There will be a natural “grouping” that occurs; however, I see a
healthy grouping being that which does not become exclusive, and
which allows a free flow of members in and out of these groups.
The problem I see with the gravitational pull of organizations is
that when a grouping becomes too dense, its gravity becomes
excessive, and therefore counter-productive. If the density of a
grouping grows to the point where exclusivity develops, or where the
free-flow of people is hindered, I believe the whole Church suffers.
The problem is not the existence of groups or organizations. These
are natural, and beneficial. The problem, as I currently see it, is
that of density. As with physical particles, the closer we get to
each other, the stronger the gravity between us becomes. Again, this
is natural. However, we need to be aware of the negative aspect of
this, and purpose to remain open, inclusive, and willing to change.
We must continue to see ourselves, as individuals and as groups, as
being a small part of a big universal church, and purpose to value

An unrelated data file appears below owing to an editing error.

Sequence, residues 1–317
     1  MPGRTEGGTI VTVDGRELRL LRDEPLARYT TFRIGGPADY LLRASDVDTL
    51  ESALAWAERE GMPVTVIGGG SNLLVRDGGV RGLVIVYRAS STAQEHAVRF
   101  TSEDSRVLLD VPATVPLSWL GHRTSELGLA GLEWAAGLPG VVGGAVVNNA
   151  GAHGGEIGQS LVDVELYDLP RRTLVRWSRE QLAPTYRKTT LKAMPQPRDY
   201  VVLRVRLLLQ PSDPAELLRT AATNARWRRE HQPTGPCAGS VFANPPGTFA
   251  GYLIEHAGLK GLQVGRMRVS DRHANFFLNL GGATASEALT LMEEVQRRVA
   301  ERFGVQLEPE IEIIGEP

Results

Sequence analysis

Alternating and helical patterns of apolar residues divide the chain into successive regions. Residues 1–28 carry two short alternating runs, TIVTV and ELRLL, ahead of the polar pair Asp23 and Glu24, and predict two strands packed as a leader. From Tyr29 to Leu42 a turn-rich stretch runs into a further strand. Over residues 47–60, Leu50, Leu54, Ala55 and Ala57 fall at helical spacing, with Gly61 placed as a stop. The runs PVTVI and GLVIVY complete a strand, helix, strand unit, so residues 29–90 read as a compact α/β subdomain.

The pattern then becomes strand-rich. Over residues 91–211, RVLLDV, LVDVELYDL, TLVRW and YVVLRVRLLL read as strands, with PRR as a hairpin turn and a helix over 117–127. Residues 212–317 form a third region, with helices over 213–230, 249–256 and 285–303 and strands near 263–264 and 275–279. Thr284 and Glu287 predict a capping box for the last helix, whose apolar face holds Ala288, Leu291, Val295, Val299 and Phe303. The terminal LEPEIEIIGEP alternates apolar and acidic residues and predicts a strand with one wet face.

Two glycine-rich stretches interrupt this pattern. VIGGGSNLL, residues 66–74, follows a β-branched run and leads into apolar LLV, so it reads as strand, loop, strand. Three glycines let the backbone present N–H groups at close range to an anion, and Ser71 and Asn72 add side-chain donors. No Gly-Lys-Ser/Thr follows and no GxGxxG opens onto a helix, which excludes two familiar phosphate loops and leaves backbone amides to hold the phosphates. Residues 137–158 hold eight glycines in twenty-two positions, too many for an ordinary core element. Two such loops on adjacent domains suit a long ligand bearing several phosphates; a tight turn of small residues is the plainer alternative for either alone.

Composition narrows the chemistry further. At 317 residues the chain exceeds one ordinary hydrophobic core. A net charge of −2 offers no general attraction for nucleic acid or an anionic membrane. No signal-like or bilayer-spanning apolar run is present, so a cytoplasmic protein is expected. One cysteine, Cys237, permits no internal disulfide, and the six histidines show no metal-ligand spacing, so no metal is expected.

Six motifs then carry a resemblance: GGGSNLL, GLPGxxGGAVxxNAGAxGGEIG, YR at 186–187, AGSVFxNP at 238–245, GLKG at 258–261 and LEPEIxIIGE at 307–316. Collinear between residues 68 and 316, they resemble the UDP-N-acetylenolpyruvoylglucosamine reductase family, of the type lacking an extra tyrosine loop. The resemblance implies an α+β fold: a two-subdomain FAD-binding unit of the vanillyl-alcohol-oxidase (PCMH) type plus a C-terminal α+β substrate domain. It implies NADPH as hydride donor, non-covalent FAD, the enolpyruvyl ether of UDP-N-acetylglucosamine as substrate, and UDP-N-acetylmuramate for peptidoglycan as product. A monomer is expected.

that over and above our relationships with our little groupings.
It also seems that our use of language is part of the problem. Just
the word “church” carries with it an immense amount of gravity.
There are certain expectations that come into play when a word like
that is used. Even words like “home group” create a certain
pull. Rather, I think we need to look at any gathering of the
church, whether it be a Sunday morning thing or two people having
coffee, as merely a convergence of the church. Perhaps
we could translate Matthew 18:20 as “wherever 2 or 3
Whether we are looking at a larger church body or a home fellowship
of 8, we need to periodically examine our density factor. Have we
become too dense? Has our internal gravitational pull caused us to
separate from other groups? Have we, or are we becoming, exclusive,
or separatist? Are we hanging on too tight to people? Are we
continuing to encourage people in their journey, even if it means
letting go of them?
It all comes down to faith
Perhaps the real question we need to ask is this: do we trust
God’s gravitational pull enough to let people take their own path,
even if it looks different than ours? I realize that it takes great
faith in God’s ability to attract and direct our journeys to
maintain the kind of church groupings that I am suggesting. It takes
faith that God’s gravitational pull is strong enough to reach
those who journey differently than us. And perhaps more than that,
it takes faith that God’s gravitational pull is able to keep and
direct our own journeys, even if it means occasionally traveling
alone. It appears to be this kind of faith that is essential for us
to be able to operate in healthy organizations.